January 28th marks the Data Privacy and Protection Day. First introduced by the Council of Europe in 2006, it aims to raise public awareness and understanding of what happens to people’s personal data and the rights they have to privacy and data protection; and to highlight good practices in this area. Privacy has traditionally been a fundamental value for libraries – and this day offers an opportunity to reflect on how the latest technological and social developments shape the roles and duties of librarians in championing privacy in the digital age.
Privacy has long been established as a fundamental operating principle for libraries – enshrined, for example, in IFLA’s statement on Privacy in the Library Environment and Code of Ethics for Librarians and other Information Workers, and the many Codes, Principles, Frameworks and Statements by libraries and library associations around the world. As library services and practices evolve in the digital age, this commitment has taken on new aspects and dimensions; and the past year has seen many data privacy-focused discussions both within and outside the library sector.
What happened in the privacy field over the last year?
Data privacy questions and challenges remained high on the agenda and in the public consciousness throughout the last year. While 2018 already saw the landmark EU General Data Protection Regulation come into force, its knock-on effects continue to reverberate throughout the world, prompting a ‘widespread reform of data privacy regimes around the world’, and changing how we think of data collection rights and practices.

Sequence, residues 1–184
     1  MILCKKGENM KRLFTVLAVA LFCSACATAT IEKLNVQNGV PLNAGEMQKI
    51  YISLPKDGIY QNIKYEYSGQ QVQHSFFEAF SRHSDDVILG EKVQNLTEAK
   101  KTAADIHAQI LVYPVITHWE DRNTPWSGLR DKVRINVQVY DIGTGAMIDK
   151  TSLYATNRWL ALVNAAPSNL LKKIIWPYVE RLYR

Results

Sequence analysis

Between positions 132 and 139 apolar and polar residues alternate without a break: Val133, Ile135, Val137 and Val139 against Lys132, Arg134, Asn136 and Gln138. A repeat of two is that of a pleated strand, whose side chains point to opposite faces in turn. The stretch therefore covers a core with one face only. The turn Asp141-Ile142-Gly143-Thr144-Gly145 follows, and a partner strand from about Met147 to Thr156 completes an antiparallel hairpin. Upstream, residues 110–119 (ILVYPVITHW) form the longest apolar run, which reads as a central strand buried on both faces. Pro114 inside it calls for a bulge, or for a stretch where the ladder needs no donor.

Throughout 2019, there were more widely-publicised data leaks and breaches – the Digital Watch Observatory estimates a 100% increase in the number of records exposed from last year; more formal investigations launched into big tech companies data collection practices, and more reports and studies into how big tech and popular applications handle user data.
Privacy concerns have featured heavily in 2019’s extensive discussions about online advertisement models, particularly in the questions of profiling and the public outrage over targeted political advertisements and their implications for democratic processes. Data privacy questions were also a key dimension in the past year’s discussions about the ethics and human rights implications of advanced and emerging technologies (especially applying Artificial Intelligence for facial recognition purposes), digital ID programmes, ’smart’ cities, homes and devices.
As data privacy remains high on the agenda coming into 2020, we have yet to see the full impacts of these discussions and developments. Views on the progress made in defending users’ data privacy rights are mixed, with some assessments noting a few improvements made by large companies despite critical gaps remaining. Others, for example, note the discrepancy between the changes in rhetoric on privacy among some big tech companies and their continued market dominance, discussing its implications for the attempts to regulate data privacy more strictly.
Libraries and data privacy, heading into 2020
Against the backdrop of these trends, libraries are also grappling with the implications of technological developments for patron privacy. This relationship is often understood to include at least two broad dimensions:
- patrons’ privacy considerations in light of libraries’ own services and practices,
- the role of libraries as educators, helping patrons develop the skills to understand privacy concerns and trade-offs and make informed choices in their daily lives.